A trip to a well-loved art collection
'Spiritually Moving: A Collection of American Folk Art Sculpture'
Harry Abrams; $125
Review by Jillian St. Charles
August 24, 1999
(CNN) -- "Spiritually Moving: A Collection of American Folk Art Sculpture," catches the eye immediately. It pushes the traditional limits of books, even art books, with its sheer size. Standing well over a foot high and snugly ensconced in its own hard case, this homage to folk art is obviously a love child. A collection of art-world denizens -- an art dealer, graphic designer, folk art collector, curator, art historian and still-life photographer -- put their materials and skill together to develop this sumptuous presentation of their well-known subjects. The collaborators, for they are not authors, state their devotion to "fine art" rather than "high art" right in the introduction. And the reader benefits from their passion and lack of pretension.
This massive book, focusing on art of the 19th century, evokes a rarefied atmosphere where a weathervane can be cause for celebration. Almost every huge page contains only one figure, displayed with a reverence usually reserved for the Mona Lisa. The paper is rich and thick with the pages ranging from a dull, textured creme to glossy sapphire.
Weathervanes lead the unlikely parade across such stylized pages, chosen no doubt in part to provide contrast to the pocked and battered countenances of rusty horses and flaking wooden cows. But the accompanying catalog (no distracting words are actually in the book to take away from the photos) explains the beauty to be found in these items of found art. Dull tin eyes that spent decades looking out over American farms and homes are now given their rest while due credit goes to their homely artisans.
By placing each object in such exalted light, though, the collaborators obviously painted themselves into a corner or two. Even thought the book is decently thick, space permits only a tiny selection of art. Considering this, the decision to allot nearly half of the available spaces to horse weathervanes -- 23 total -- and leave all other subjects to battle for the leavings is puzzling.
But the horses do share the spotlight with a few other animals of the barnyard persuasion. The reader, or looker, rather, finds a Cotswald ewe and a Menno ram on opposite pages. The two figures float in space, facing each other, with no other objects to offer perspective or comparison. The catalogue explains that throughout the 19th century, proud farmers would commission works of art to glorify their prize-winning animals. A beat-up pig of majestic proportions floats high in the sky, basking in its glory.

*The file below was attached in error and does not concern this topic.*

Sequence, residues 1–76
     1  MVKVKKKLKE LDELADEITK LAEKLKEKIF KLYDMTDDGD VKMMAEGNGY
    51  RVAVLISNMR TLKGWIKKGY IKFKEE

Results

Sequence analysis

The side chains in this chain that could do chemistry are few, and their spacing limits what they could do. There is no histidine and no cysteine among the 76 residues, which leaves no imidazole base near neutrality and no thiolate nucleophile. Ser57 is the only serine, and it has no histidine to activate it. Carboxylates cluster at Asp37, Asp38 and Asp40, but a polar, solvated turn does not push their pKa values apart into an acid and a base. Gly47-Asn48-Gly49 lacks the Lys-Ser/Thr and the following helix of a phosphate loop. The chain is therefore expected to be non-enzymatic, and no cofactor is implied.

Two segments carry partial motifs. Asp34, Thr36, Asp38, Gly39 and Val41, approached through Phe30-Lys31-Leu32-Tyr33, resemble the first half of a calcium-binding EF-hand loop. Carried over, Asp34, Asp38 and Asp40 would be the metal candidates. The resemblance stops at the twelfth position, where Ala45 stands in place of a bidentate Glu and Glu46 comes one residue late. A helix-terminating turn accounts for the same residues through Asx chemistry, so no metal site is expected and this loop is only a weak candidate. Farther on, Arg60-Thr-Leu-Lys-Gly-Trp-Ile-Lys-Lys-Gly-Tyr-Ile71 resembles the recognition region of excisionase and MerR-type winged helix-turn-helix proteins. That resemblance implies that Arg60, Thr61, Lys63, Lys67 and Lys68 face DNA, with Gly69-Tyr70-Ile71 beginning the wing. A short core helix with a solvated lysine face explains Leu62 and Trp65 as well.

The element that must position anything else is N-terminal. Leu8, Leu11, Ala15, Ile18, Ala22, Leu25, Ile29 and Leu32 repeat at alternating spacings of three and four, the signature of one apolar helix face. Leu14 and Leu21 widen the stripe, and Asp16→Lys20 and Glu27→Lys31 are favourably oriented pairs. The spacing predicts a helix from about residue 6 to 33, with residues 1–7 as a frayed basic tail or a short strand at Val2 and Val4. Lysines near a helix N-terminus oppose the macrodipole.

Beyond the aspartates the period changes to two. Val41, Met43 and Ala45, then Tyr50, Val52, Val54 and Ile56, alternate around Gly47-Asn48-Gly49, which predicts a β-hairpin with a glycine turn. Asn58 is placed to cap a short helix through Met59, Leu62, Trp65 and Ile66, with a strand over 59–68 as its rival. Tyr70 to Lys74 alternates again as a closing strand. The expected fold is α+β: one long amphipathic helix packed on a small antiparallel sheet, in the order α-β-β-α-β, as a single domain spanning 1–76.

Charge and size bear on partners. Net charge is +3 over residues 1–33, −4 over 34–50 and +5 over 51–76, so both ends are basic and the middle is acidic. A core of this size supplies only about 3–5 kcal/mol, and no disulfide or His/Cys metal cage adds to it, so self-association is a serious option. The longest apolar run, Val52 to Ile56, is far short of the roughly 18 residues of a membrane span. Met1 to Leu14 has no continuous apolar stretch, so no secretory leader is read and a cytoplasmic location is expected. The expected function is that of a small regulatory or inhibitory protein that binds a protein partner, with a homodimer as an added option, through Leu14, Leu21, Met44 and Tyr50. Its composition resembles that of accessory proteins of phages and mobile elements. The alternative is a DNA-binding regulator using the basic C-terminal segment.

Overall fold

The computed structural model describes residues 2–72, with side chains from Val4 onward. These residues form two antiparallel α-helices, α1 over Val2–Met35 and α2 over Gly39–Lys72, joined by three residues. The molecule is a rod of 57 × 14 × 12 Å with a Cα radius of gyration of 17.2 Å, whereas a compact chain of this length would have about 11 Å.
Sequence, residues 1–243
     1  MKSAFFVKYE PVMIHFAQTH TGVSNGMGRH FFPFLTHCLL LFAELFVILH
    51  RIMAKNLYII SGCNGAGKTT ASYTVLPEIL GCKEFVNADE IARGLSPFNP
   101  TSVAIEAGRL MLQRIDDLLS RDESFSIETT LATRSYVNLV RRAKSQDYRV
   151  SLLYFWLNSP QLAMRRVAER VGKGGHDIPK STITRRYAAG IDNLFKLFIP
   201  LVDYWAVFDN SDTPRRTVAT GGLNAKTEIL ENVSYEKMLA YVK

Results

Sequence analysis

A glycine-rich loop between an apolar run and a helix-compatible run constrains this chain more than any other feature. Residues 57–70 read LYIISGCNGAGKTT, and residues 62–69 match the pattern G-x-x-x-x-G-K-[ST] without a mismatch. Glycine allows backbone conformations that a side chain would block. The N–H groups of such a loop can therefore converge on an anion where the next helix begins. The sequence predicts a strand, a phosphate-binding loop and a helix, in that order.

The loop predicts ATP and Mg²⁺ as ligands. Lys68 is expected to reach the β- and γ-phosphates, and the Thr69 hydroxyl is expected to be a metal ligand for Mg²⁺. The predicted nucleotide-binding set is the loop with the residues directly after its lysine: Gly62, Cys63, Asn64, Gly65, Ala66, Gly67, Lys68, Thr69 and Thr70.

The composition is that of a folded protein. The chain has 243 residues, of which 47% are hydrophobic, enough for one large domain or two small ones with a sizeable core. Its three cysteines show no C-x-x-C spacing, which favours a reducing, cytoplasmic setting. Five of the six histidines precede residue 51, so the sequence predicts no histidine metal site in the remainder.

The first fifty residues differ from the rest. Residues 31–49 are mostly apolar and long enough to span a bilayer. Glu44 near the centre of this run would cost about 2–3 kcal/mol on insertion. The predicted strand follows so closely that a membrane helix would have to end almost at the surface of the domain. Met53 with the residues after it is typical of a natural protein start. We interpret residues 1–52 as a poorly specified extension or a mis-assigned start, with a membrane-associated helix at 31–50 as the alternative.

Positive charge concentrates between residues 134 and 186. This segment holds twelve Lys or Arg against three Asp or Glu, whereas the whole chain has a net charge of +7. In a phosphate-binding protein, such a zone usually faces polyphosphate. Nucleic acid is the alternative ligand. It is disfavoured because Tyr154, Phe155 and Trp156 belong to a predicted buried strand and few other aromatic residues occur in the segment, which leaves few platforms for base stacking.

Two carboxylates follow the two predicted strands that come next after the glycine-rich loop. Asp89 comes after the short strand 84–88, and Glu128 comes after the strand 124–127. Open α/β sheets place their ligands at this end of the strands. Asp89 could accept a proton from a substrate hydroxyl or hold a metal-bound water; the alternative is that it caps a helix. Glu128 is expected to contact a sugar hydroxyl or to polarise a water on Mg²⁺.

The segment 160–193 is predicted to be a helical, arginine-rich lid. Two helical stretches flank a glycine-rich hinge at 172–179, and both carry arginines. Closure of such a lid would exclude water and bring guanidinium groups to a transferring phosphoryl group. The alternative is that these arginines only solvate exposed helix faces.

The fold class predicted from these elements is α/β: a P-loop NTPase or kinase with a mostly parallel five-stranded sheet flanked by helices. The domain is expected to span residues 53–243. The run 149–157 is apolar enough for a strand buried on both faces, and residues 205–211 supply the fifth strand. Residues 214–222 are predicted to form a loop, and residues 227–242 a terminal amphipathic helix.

Two sections are dedicated to birds, called "Birds" and "Water Birds." The flat naming of the sections supports the feeling of the book that text makes a superfluous companion to this simple art.
Inexplicably, the "Water Birds" section deviates into decoys. While all the examples certainly fall under the rubric of folk art, each departure from the weathervanes feels random due to their dominance. But the catalogue praises the simplicity of the decoration eloquently. It reads, in reference to a pair of blue herons, "Bulbous, swelling forms for bodies and sweeping necks terminating in angular beaks are all that is necessary to define the essence of these beautiful birds."
The last figures represented are "Angels" and "Figures." All of the figures represent exalted characters, from the Angel Gabriel to the Goddess of Liberty. The angels make an interesting study in sociology, as they are sometimes prim and sometimes sensuous, depending on the mores of the moment. Artists used weathervanes in this instance to express ideals via art rather than simple, if adoring, representation, as is the case with most of the animals.
Reading "Spiritually Moving" feels like a trip to an intimate, well-loved art collection. The authors simply do not allow the limitations of dimension stop them from celebrating the grandeur they find in their subject. Through the daring use of negative space, printing techniques, variations in paper and unusual size, the feeling of not looking at a book at all is conveyed. Instead, the reader is a tourist in an unusual museum.
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